Multivariable models were built for the primary outcome of MA using forward stepwise selection with criteria for P = 0.2. Logistic regression analyses were performed using proc survey logistic in SAS. Candidate predictors included sociodemographic variables such as age, gender, level of education, economic status physical activity, smoking status, fasting blood lipid levels (LDL cholesterol, HDL cholesterol, triglycerides), body mass index, waist circumference, major ECG changes, hypertension and diabetes. Factors associated with MA with P < 0.05 were retained in the final model. We also searched for interactions between factors associated with MA and major ECG changes on MA.
A target sample population of 3546 subjects aged 40 years or over, stratified by sex were invited to enrol in the study. A total of 3143 (88.6%) of the invited subjects consented to enrol in the study, and 2891 (92%) gave urine samples. The mean age of the subjects was 51.5 (10.7) years and 48% were males. The characteristics of the subjects are shown in Table Table11.
Table 1
Table 1
Baseline population characteristics
The median urine albumin to creatinine ratio (25–75th percentile) was 5.2 (3.3–9.5) mg/g: 4.2 (2.9–7.9) mg/g in men and 6.0 (3.9–10.8) mg/g in women (P < 0.001)). The overall prevalence of MA was 12.3%: 13.5% in men and 11.1% in women (P = 0.05).
The unadjusted and adjusted odds for factors associated with MA are shown in Table Table1.1. Increase in age, decrease in estimated GFR, and presence of diabetes, hypertension and major changes on ECG each were independently and positively associated with MA. None of the interactions were statistically significant.
Figure Figure11 illustrates the increase in the prevalence of major ECG changes in the presence of MA in the overall study population, as well as in subgroups with hypertension, diabetes, overweight or obesity and with tobacco use.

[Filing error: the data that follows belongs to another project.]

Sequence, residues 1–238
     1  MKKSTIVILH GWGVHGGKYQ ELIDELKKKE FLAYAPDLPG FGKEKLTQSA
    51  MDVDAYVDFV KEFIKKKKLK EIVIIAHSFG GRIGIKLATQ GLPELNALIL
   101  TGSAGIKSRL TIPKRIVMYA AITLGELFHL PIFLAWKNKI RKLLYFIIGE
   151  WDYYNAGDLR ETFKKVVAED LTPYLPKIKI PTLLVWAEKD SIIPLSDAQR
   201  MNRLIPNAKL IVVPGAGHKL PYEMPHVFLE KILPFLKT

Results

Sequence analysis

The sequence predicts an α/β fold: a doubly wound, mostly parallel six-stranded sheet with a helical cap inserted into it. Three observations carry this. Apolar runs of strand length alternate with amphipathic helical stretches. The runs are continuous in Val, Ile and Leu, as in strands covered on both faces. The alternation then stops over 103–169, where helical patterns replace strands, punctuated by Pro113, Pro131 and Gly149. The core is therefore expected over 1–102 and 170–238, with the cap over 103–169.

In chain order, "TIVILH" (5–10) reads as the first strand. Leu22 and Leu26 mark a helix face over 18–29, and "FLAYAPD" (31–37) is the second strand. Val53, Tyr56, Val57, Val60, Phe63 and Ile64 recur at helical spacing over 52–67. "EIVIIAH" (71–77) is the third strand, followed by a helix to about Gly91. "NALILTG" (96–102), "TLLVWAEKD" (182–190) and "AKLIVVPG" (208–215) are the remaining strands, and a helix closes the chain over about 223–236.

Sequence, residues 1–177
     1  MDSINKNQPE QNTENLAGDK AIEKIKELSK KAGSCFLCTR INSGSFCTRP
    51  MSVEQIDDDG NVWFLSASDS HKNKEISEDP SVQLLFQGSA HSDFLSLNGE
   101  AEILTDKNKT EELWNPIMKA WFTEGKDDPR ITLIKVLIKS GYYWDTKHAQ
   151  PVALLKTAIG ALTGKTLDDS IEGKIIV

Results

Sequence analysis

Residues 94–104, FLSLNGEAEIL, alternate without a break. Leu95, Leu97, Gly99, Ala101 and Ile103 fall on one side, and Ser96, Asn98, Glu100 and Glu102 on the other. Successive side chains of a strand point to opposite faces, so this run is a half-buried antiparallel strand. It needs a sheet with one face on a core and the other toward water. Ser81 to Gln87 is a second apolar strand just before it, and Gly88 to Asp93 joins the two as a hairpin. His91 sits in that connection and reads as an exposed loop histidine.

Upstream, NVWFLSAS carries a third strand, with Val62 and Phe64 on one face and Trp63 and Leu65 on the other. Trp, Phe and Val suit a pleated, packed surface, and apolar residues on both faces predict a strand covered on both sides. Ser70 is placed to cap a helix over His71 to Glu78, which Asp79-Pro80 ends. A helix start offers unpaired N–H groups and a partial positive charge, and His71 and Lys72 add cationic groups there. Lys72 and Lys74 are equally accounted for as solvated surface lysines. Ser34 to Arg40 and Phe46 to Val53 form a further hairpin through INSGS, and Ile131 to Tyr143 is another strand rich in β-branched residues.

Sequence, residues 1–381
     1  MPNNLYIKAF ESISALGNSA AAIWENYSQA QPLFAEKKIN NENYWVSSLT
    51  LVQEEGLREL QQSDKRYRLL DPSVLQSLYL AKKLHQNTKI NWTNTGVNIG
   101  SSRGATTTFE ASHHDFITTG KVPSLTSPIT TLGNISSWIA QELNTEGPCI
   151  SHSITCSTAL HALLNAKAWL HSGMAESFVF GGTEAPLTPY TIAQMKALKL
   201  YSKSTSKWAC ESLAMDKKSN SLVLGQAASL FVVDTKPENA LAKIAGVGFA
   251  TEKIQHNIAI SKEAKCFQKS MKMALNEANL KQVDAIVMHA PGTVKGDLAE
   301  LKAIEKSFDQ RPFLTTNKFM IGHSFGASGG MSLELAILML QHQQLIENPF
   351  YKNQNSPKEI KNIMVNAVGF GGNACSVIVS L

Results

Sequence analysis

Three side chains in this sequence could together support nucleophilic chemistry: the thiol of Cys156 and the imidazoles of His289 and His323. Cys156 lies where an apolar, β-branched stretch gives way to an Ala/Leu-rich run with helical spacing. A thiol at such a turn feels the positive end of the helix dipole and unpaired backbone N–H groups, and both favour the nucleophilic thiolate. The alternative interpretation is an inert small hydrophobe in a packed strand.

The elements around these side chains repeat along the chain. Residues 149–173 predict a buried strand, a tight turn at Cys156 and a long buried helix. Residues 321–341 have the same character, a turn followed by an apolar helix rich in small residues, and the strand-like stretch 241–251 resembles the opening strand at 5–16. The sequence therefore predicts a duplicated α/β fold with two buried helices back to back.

Fig. 1
Fig. 1
Association of major ECG changes and microalbuminuria (MA).
The Indo-Asian population accounts for one-sixth of the world's inhabitants. This is the first report on the prevalence of MA and its relationship with CVD from a representative general population of an urban Indo-Asian city. We found that MA was independently associated with major ECG changes in men and women. Subjects with hypertension, diabetes, overweight or obesity and tobacco users exhibited a significant increase in the prevalence of ECG abnormalities in the presence of MA. These findings underscore the importance of screening Indo-Asians for MA, especially the individuals at high risk of CVD.
Reports in migrant Indo-Asian populations with MA suggest a faster progression of kidney disease compared to native Europeans [16]. However, data on prevalence, determinants and clinical conditions associated with MA in the native Indo-Asian populations are somewhat limited. These populations are relatively unique in terms of experiencing a double burden of undernutrition as well as rising rates of overweight and obesity, both enhancing susceptibility to chronic diseases including hypertension, diabetes, cardiovascular and kidney diseases [17].
Prevalence of MA
We found a high prevalence of MA in the order of 12.3% in the overall population aged 40 years or above. This burden was substantially greater among those with hypertension (18.9%) and diabetes (26.6%). While comparable population-based representative data on MA are not available from the Asia–Pacific region, the Microalbuminuria Prevalence Study (MAPS) reported a prevalence of 39.8% in a total of 6800 hypertensive diabetic adult patients from 10 Asian countries [18]. These findings and others from the region are consistent with those observed in the subjects with diabetes in our study [19,20].
Factors associated with MA
We found that the conventional predictors of MA (which also predict CVD) such as hypertension, diabetes and low eGFR were also independently associated with MA (Table (Table1).1). However, the association of MA with major ECG changes persisted even after accounting for these risk factors, indicative of incremental contribution of MA per se or its role as a marker of end organ damage. Consistent with this, the presence of MA was significantly associated with the concomitant presence of major ECG changes by 1.5-fold in those with hypertension and by 2-fold in those with diabetes, obesity or in tobacco users (Figure (Figure11).